“The artists loved staying with us, and we loved having them,” Richardson said. “Our house came to be known to everyone as ‘Bunnyland’ because of how warm people felt when they would come.”

How to keep audiences happy, how to book quality talent and how to run a music venue are just some of the things Richardson says she’s taken from her experiences working with her parents. She said she’s most impressed with the personal and empathetic involvement her mother and father have had in the lives of each performer.

Richardson said: “Mom and Dad don’t book in acts just to bring in big crowds. To them, it’s always been about the music and the art and the validity of the person creating it. They have an amazing talent for seeing and understanding what’s good about an artist that truly enjoys what they are doing.”

The tandem of Karen and Bill Howard is not limited to Charlotte’s Web. Since the 1970s, Karen has been a key player in many organizations in Rockford, including the Rockford Area Music Industry (RAMI) Awards, On the Waterfront, Veggie Run, First Night, Farm House, Hononegah Community Arts Council, Cabin Fever Jamboree, Rockford Area Arts Council and Jazz Legends.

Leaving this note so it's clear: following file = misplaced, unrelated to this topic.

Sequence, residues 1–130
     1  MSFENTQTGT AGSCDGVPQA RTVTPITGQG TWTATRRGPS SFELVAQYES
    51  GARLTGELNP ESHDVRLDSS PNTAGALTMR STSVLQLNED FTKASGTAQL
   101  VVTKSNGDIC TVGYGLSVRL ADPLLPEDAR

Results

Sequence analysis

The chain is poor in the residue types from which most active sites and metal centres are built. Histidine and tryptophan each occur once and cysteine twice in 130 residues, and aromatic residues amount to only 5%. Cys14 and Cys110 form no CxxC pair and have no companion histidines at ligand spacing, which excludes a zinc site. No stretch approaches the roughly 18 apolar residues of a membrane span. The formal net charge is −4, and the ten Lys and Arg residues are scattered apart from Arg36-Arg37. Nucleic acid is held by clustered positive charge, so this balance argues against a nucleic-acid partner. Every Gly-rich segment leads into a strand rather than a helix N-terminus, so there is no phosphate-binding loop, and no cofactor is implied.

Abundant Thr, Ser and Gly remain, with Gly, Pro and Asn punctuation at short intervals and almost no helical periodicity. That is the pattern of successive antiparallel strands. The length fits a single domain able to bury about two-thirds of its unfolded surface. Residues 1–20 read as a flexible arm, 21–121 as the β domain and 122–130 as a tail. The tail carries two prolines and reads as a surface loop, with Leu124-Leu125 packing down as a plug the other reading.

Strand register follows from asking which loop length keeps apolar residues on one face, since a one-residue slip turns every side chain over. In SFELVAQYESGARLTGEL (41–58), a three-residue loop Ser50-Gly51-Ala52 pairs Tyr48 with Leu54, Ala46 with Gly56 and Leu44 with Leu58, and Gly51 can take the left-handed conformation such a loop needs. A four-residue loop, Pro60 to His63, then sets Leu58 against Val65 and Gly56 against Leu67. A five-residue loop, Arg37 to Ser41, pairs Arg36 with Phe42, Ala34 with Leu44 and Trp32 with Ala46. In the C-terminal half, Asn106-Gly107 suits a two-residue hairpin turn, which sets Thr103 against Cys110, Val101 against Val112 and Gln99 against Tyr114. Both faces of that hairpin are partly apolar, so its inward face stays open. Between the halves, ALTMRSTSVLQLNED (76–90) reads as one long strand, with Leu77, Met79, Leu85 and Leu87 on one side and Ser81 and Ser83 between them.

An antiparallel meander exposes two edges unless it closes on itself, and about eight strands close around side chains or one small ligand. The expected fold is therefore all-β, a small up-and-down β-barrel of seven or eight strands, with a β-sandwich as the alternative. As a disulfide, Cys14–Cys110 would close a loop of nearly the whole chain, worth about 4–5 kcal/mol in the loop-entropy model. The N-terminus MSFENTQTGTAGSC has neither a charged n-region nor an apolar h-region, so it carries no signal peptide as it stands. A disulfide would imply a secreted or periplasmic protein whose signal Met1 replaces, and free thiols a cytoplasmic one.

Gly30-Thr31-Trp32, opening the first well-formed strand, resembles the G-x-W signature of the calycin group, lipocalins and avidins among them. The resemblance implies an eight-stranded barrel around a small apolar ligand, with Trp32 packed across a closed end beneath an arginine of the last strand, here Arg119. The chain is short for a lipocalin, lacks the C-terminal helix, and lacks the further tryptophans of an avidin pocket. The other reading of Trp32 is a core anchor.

Bill Howard is also a successful businessman, having taken Rockford Blacktop Construction Company from a small local company to a multi-million dollar enterprise after returning to Rockford after college in the 1960s. He’s also an accomplished media artist, having recorded more than 15,000 hours of live music for Charlotte’s Web and On the Waterfront, among others.

As an organization, Charlotte’s Web has been honored with countless awards, including five RAMI Awards, Heart of Rockford Award and Best of Rockford Award for Best Continuing Contribution to the Arts.

The 35th Anniversary Party starts at noon, Saturday, June 30. Cost is $15 for advance tickets, and $20 at the door. Children are admitted free. Live music from more than 20 performers, including Peter Lang, Dave Weld, Dan Voll, John Bishoff and Holland Zander, will begin at 12:30 p.m. The Verdi Club is at 782 N. Madison St. More information can be found online at www.snapshotmusic.com/charlottesweb or by calling (815) 964-2238.

from the June 20-26, 2007, issue